“Join the club,” Corra giggled. But her smile faded as she tilted her head. “What’d he do now?”
“He’s being an idiot,” she said bluntly. “He’s not listening to me at all.”
“What else is new.”
” — he’s going to get himself killed, probably,” Leta went on, “trying to do this thing — this deal — he’s planning on meeting Dez, if you can believe that — “
“Dez?!” Corra repeated at once, her eyes going wide. “Wait wait, is this the same Dez I’m thinking of? The creepy one with the dead eyes who’s been trying to kill us since before I even came aboard? That Dez? Why?!”
“He thinks he can help — help me with — getting information about Ren.” Leta stumbled over her words, looking pained, and for one wild moment Corra thought Leta was lying to her. But that was nonsense. “And,” Leta breathed, “Fiear’s offering himself up as leverage — “
That, Corra didn’t find all that surprising. “Of course he is,” she grumbled. “Always loves to play the martyr…”
“He says he has a plan, but it’s not going to work.” Leta pressed the heels of her hands into her eyes. “But he doesn’t have anything else to offer Dez in turn. Nothing of value. Except his fucking life — “
Suddenly, Corra felt the weight of the Caelum Lex sitting heavily in her hand. Something of value. Her expression went blank as she considered it. Maybe the universe wasn’t telling her it was time after all. And maybe she wouldn’t be getting that ship as soon as she thought.
– – – – – – – – – – – – – – – – – – – – – – – – – – – – – – –
“I can’t believe we’re doing this,” Leta hissed sharply to Fiearius as he hit the controls to lower the cargo bay ramp.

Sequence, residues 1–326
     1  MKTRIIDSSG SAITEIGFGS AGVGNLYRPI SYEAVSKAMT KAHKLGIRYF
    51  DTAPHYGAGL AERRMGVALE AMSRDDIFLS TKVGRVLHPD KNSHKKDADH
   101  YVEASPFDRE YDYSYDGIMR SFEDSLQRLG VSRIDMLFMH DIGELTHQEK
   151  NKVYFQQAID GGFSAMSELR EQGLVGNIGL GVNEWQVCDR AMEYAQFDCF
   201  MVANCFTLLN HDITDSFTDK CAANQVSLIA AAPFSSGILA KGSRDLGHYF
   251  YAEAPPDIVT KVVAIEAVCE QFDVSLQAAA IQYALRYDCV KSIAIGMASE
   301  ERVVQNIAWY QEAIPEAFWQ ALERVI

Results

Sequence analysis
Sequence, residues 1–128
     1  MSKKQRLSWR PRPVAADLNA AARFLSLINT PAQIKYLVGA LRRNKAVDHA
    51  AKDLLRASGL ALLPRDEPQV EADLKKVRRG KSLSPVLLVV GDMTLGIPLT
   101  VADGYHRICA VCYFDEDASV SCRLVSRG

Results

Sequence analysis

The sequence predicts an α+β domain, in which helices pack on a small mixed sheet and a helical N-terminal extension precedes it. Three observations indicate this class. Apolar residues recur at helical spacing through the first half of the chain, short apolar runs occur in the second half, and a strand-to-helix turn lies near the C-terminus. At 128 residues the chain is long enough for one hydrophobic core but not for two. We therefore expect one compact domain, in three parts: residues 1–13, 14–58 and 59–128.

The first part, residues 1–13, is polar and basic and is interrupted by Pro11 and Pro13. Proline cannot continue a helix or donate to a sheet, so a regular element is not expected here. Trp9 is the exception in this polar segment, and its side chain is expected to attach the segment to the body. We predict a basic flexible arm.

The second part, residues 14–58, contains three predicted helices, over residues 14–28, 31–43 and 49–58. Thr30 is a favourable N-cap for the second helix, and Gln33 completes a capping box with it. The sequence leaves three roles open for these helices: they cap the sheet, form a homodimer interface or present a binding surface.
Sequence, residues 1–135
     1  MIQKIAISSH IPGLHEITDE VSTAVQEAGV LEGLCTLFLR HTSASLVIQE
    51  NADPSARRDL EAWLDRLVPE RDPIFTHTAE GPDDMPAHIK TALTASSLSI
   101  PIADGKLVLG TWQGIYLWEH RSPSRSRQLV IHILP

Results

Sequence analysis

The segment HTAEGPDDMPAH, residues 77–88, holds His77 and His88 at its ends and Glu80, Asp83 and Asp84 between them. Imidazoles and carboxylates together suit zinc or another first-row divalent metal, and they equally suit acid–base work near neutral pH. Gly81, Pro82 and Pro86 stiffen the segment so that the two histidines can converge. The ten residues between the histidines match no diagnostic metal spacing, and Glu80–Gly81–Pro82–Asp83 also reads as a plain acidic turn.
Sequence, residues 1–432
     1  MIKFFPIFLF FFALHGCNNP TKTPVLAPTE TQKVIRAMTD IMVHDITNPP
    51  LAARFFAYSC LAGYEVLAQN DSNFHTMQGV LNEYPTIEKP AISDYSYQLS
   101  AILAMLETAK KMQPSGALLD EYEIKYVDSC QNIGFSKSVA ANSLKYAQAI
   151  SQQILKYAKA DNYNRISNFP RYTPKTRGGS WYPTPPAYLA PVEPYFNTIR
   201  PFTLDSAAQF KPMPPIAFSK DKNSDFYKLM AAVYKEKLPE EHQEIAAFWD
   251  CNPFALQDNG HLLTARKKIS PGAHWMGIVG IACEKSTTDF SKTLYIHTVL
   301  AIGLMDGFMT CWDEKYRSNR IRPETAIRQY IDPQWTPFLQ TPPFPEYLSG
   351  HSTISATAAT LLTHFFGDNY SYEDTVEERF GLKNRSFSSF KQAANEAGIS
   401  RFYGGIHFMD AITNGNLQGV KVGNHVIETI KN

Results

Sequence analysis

“You don’t have to come,” Fiearius provided distractedly.
“Yeah right.” Leta crossed her arms, picking up a thread of sarcasm in spite of it all. “And let you have all the fun? Besides, this medicine is for me. If you’re going to die out there, I’d like to be there to watch.”
Fiearius glanced sideways in her direction, the corner of his mouth curving as if he wanted to smirk at her — one last time, perhaps. But the moment ended a second later: the heavy ramp creaked noisily to the ground with a final dull thud, metal meeting sand.
Miles and miles of desert sand stretched out before her eyes. Leta expected an empty landscape, but she was given reason to jolt in unpleasant surprise: about a hundred yards away stood the tall, solid figure of Dez, dressed in dark green and black, his Society insignia visible even from here. Behind him, his small jet-black ship was glinting in the sunlight.
“He’s here already?” Leta heard herself whisper, but Fiearius seemed not to hear her. His whole frame tensed, and his grip closed more tightly on the gun in his hand. Eyes set firmly on Dez, he started down the ramp, as if in a trance.
Walking at his side, Leta couldn’t help but recall the last time they’d encountered this man. The threat of Dez nearby had sent Fiearius — Fiearius, of all shortsighted, reckless people — into a panic. He’d grabbed her to make sure she was alright, and real fear had sparked in his eyes.
And now they were going to attempt a deal with him?
At least they had a plan, sort of: Cyrus was on call to ready the ship for an emergency take-off. Meanwhile, Corra and Finn had hidden themselves with long-range guns, waiting just in case Fiearius’ initial ‘turn and run like hell’ plan wasn’t as successful as he intended…